Smithsonian Institute Agreement

The problems associated with the Fund`s operations, referred to by Mr Schweitzer, have already been described in Chapters 12 and 17. In short, the Fund`s financial operations and operations have been hampered by three circumstances. First, the widespread expectation of a rise in the future price of gold and foreign currency RDS prompted members to reduce their debt to the Fund and avoid a decrease in their CSD stocks and reserve positions in the fund. Secondly, the exchange rates of almost all the currencies that the Fund would use for drawings, redemptions and other transactions under its regular procedures were not effectively maintained within the margins established in accordance with the articles or decisions of the Fund, and the decision on fluctuating currencies was applied only to the three currencies that were variable before 15 August. 1971. As a result, purchases and redemptions in the general account could not be made in the usual manner on the basis of agreed nominal values or provisionally agreed exchange rates and transactions in the special drawing account.1This, in the absence of agreed convertibility agreements, members might find it difficult to use the currencies they held in their reserves, but which could not be accepted by the Fund when acquiring other currencies necessary for their operations with the Fund. In addition, without agreement on the values to be used for currencies and gold, there was a problem with the valuation of the Fund`s assets. With the approval of the Board of Directors, the Managing Director sent a message to all The Fund`s Governors on 19 August. Recent developments, he said, have raised serious concerns, while creating an opportunity to strengthen the system.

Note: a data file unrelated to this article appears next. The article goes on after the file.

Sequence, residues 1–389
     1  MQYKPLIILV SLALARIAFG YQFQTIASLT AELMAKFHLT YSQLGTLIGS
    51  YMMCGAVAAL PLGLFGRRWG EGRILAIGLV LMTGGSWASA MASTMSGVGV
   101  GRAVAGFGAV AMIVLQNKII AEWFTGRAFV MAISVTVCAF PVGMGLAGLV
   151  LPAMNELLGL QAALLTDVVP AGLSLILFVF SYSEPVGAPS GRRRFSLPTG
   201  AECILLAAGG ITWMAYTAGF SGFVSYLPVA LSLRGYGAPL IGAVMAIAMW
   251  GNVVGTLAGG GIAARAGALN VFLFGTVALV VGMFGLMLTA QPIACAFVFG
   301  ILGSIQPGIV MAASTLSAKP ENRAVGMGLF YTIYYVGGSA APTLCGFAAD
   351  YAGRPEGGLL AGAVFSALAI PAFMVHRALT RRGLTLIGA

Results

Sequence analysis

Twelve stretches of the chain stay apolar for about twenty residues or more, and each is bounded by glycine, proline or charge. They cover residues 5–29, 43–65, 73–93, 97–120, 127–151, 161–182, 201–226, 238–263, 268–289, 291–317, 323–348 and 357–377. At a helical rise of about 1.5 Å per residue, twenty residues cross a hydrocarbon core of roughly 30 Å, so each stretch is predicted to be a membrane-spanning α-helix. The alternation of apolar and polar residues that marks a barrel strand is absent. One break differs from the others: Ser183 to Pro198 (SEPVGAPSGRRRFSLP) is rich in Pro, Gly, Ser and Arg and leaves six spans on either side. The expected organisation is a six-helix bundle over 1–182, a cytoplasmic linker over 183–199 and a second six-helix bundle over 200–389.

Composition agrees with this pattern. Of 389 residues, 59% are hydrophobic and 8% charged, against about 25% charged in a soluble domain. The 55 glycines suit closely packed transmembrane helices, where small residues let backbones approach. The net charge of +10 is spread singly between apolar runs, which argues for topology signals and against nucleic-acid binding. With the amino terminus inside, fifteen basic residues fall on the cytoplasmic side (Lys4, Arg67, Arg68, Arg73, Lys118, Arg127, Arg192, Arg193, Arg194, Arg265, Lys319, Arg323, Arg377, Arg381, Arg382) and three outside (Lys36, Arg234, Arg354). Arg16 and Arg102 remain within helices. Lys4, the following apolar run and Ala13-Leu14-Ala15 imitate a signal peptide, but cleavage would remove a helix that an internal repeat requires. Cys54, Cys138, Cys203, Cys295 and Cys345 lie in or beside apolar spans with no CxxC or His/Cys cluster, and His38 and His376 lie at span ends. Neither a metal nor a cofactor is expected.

If action was not taken immediately, there was a prospect of disorder and discrimination in monetary and trade relations, which would seriously disrupt trade and undermine the system that had rendered good services to the world and that had served as the basis for effective cooperation for a quarter of a century. It is likely that some approaches to change are unlikely to lead to positive results, even for a single country, let alone for the community of countries represented in the Fund as a whole, and he said it was extremely important that action be “rapid, collective and collaborative”. This action was the role of the Fund and the Fund was able to make a very important contribution to the creation of a better monetary system. It intended to insist that rapid progress be made in the agreement on appropriate exchange rates and other measures that would allow the monetary system to function effectively and sustainably again. At the afternoon meeting of the Board of Directors on 16 August, the Economic Adviser presented the Staff`s reflections on the relative exchange rates of the currencies of the major industrialized countries. He divided the topic into two parts: (1) the determination of the relative exchange rates of major currencies, a provision that affected the competitiveness of countries in international transactions and the relative value of reserves held in different currencies; and (2) the link between the exchange rate model and gold, a link determined by the indication of the price of gold against one of the participating currencies, probably the dollar. . . .